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Soba v. Patnaude

Appeals Court of Massachusetts

July 7, 2015

Harry Soba
Thomas R. Patnaude

Editorial Note:

This decision has been referenced in an "Appeals Court of Massachusetts Summary Dispositions" table in the North Eastern Reporter. And pursuant to its rule 1:28, As Amended by 73 Mass.App.Ct. 1001 (2009) are primarily addressed to the parties and, therefore, may not fully address the facts of the case or the panel's decisional rationale. Moreover, rule 1:28 decisions are not circulated to the entire court and, therefore, represent only the views of the panel that decided the case. A summary decision pursuant to rule 1:28, issued after February 25, 2008, may be cited for its persuasive value but, because of the limitations noted above, not as binding precedent. See Chace v. Curran, 71 Mass.App.Ct. 258, 260 N.4, 881 N.E.2d 792 (2008).

Kantrowitz, Kafker & Hanlon, JJ.


The plaintiff, Harry Soba, brought an action against Dr. Thomas R. Patnaude, the Medical Director of the Worcester County House of Correction, alleging that Soba had received substandard medical care during his incarceration there.[1] ,[2] A judge of the Superior Court allowed Patnaude's motion for summary judgment on the ground that Patnaude was immune from suit as a public employee. See G. L. c. 258, § 1, 2. Soba appeals from the ensuing judgment, arguing that Patnaude's employment status was a question of fact for the jury.[3] We agree.

It is undisputed that Patnaude was employed by the Worcester County Sheriff's Office (sheriff), working parttime (a varied two or three days each week, as needed) as the Medical Director of the Worcester County House of Correction, and that he received employment benefits from the Commonwealth.[4] At the same time, Patnaude also maintained a private medical practice called Worcester Internal Medicine Associates.

As medical director at the prison, Patnaude held the highest medical position and was responsible for the direct care of inmates, including routine and emergency treatment. He also was responsible for the supervision of subordinate medical staff, including nurse practitioners, physician's assistants, and registered and licensed practical nurses, to insure proper medical treatment. Patnaude was required to maintain appropriate medical records on each patient. He also was entitled to participate in the hiring and review of medical staff. He gave medical orders to medical staff members, and was required to be available on call twenty-four hours per day, seven days per week. Patnaude reported directly to the sheriff and the two deputy sheriffs; he was not subject to collective bargaining.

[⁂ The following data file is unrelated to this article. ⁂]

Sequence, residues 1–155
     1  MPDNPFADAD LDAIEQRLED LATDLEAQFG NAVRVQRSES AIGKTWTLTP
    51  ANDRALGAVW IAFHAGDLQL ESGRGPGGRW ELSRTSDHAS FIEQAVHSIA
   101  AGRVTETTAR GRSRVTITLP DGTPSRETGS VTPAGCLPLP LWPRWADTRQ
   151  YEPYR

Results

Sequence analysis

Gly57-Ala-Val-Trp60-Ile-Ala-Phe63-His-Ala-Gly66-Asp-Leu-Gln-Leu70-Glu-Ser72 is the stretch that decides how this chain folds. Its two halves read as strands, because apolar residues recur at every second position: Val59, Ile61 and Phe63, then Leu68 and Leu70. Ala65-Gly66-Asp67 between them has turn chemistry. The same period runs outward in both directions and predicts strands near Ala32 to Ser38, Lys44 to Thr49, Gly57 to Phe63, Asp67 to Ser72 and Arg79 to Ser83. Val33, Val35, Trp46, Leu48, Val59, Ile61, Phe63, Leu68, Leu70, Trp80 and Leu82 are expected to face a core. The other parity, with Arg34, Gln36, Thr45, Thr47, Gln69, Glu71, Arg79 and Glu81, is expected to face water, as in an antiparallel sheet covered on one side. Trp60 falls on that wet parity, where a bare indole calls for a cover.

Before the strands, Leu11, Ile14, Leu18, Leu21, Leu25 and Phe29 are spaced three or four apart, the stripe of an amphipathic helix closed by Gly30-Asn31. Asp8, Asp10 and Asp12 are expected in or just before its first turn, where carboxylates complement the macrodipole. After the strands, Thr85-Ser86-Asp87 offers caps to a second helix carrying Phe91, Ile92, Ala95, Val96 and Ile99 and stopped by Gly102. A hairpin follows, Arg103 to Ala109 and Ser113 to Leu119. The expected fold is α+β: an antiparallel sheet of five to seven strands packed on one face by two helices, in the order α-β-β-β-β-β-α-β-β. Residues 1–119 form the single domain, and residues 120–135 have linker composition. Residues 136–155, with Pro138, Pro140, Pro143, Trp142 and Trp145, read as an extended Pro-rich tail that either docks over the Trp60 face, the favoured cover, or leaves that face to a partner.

In addition, Patnaude exercised independent judgment in making medical treatment decisions regarding the inmates. He testified he was " free to treat [inmates] appropriately" with " no direct treatment restrictions" from prison officials. In fact, there was no medical supervision of Patnaude's medical decisions whatsoever. His work in the infirmary varied, depending upon the number of inmates needing his services in any given week; he worked with the medical staff to determine what days he needed to be present, but he also was able to dispense medical directives to the staff by telephone, as he did in this case.[5] Patnaude also arranged personally for physician coverage from his private practice when he took a vacation. It appears from this record, that those activities were not subject to any supervision, nor did they require approval from any prison official.

Patnaude claims that his work and vacation schedules were determined by the sheriff's office; there is nothing in this record to support that assertion.[6] In addition, Patnaude asserts that he had no authority to refuse to treat certain patients, and that medical staff and prison officials instructed him as to the patients needing his attention. However, this statement is misleading. It is true that Patnaude could not pick and choose which inmates he would treat; he was required to treat any inmate seeking medical attention. In some instances, the medical staff would alert Patnaude, or make a recommendation, that certain inmates specifically required his services; it is unclear whether Patnaude was required to adopt such recommendations or whether he was permitted to direct a medical staff member to carry out the treatment he prescribed. Contrary to Patnaude's contentions, it appears that he regularly made independent decisions as to the day-to-day treatment of inmate patients, and he acknowledged that he could order outside hospitalization without intervention, or prior approval, from prison officials.